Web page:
Why incorporate?


When you are starting your business, the issue of whether or not you should incorporate is bound to arise sooner or later. 

Incorporation may be advantageous for a number of reasons, such as:

Separate legal personality from the shareholders

A corporation has a separate legal personality, with its own patrimony and legal personality, meaning it can exercise its rights and contract obligations independently. As a general rule, only the company is bound by contracts and other legal acts it concludes or takes. This is what is known as the corporate veil.

In addition, and subject to specific agreements, the company’s debts and obligations contracted with creditors are distinct from those of its shareholders, as are its assets, thereby avoiding any potential confusion between the company’s assets and liabilities and those of its owner(s).

Continuity of a corporation

An undeniable advantage of incorporating is without a doubt the fact that an incorporated company never dies, and is therefore permanent and stable in nature.

Shareholders’ rights and special plans

Opting for incorporation allows those involved to define their respective rights, as shareholders, by creating special or regular classes of shares.

It also allows special plans to be established, such as incentive plans for key employees, which gives the company a competitive edge and increases the rate of employee retention.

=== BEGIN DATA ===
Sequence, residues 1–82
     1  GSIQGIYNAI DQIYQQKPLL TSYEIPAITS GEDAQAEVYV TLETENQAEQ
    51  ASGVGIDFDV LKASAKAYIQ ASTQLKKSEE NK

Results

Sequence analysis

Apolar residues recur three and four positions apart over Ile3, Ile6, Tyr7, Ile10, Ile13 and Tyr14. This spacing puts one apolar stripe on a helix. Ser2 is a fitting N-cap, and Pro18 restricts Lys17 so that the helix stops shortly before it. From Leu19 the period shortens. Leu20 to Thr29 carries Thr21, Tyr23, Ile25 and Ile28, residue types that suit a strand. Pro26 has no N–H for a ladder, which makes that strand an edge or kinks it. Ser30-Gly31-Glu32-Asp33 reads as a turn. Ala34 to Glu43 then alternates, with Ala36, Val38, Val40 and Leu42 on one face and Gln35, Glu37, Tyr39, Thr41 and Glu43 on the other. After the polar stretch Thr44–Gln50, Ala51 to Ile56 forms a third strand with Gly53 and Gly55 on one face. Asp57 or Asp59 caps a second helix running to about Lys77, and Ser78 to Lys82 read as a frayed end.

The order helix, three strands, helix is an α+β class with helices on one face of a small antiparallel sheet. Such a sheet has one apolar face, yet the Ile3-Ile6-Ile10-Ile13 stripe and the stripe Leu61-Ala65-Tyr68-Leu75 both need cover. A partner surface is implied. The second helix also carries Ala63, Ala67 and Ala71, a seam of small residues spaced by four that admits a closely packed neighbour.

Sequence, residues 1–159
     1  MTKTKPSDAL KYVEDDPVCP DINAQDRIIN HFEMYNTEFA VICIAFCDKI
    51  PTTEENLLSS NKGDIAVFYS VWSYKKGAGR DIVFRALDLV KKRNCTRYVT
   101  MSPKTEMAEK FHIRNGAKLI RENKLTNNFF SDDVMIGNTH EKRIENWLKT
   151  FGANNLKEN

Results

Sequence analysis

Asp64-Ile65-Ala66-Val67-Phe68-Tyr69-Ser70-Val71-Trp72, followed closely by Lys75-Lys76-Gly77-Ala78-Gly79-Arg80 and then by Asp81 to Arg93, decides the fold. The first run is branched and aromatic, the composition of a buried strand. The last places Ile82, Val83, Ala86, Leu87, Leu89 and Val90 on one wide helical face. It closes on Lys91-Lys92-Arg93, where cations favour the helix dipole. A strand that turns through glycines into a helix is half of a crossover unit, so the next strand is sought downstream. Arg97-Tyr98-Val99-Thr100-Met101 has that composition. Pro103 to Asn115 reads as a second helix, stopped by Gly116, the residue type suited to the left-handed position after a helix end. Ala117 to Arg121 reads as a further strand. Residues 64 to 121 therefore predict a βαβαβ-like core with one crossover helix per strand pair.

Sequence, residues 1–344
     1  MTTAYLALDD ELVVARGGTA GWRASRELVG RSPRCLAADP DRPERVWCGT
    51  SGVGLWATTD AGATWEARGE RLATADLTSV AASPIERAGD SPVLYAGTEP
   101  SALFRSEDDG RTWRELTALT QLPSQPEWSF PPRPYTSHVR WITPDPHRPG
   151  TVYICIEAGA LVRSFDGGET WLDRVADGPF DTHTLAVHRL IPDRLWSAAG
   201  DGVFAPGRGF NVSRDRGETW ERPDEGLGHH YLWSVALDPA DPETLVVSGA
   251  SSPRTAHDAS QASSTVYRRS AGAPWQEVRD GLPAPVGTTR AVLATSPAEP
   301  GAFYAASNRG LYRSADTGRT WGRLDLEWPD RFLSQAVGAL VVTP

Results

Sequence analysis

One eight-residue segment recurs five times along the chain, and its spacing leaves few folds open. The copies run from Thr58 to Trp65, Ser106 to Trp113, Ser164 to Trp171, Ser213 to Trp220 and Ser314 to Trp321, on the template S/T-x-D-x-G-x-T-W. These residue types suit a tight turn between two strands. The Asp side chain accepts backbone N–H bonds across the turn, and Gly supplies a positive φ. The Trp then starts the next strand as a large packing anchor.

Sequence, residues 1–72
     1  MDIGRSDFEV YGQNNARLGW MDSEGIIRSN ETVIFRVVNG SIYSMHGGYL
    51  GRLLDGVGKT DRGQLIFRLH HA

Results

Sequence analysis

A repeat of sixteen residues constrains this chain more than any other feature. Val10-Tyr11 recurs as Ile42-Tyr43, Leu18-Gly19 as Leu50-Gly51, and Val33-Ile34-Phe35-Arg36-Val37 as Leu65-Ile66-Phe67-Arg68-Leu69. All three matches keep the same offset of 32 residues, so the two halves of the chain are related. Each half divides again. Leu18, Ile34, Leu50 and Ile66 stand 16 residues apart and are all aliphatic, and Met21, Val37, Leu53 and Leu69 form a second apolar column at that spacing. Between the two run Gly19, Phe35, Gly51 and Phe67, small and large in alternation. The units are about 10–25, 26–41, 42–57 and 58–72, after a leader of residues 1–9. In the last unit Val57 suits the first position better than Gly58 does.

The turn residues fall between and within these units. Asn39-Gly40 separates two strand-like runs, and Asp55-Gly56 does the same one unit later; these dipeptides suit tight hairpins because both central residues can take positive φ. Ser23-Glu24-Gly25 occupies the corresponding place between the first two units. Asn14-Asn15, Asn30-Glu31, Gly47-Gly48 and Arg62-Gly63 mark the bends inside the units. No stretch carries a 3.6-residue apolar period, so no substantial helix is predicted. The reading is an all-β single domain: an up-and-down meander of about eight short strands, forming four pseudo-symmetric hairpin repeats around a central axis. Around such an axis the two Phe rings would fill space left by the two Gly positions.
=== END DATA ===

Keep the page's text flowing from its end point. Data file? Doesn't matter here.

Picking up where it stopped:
Financial and tax aspects

An incorporated company can be advantageous from a financial perspective, depending on your situation, by allowing certain expenditures to be deducted and dividends to be paid to shareholders, thereby introducing a degree of flexibility with respect to shareholder remuneration.

There can be various incentives to incorporating from a tax perspective, including a lower tax rate, the possibility of leaving capital in the company for purposes of reinvestment, the capital gains exemptions, etc.

Access to capital

Entrepreneurs looking for financing would be better to incorporate.  Being incorporated grants a certain credibility, as it reassures investors and creditors that their rights are protected and opens the door to grants that are sometimes only offered to corporations.

Incorporating, however, does not only offer advantages. The disadvantages include the costs of incorporating and organizing a corporation, as well as the administrative and legal fees required to maintain it, such as:

  • Preparing financial statements at the end of each fiscal year;
  • Filing annual tax returns;
  • Updating the company’s minute book annually;
  • Filing annual returns in relevant public registers
  • Etc.

Where several shareholders hold stock in the company, the most experienced among us will agree that a shareholder agreement should absolutely be drawn up, as rapidly as possible when starting a business, to govern share transfers and other aspects of its administration.   Even though this may not be the best time to spend money preparing such an agreement, this type of document is very important to protect everyone’s interests, but especially to protect the interests of the company operating the business in which you are investing time and energy to build.

You should review your personal situation and business objectives with qualified professionals in order to take the best decision for your company.

Go Inc. Team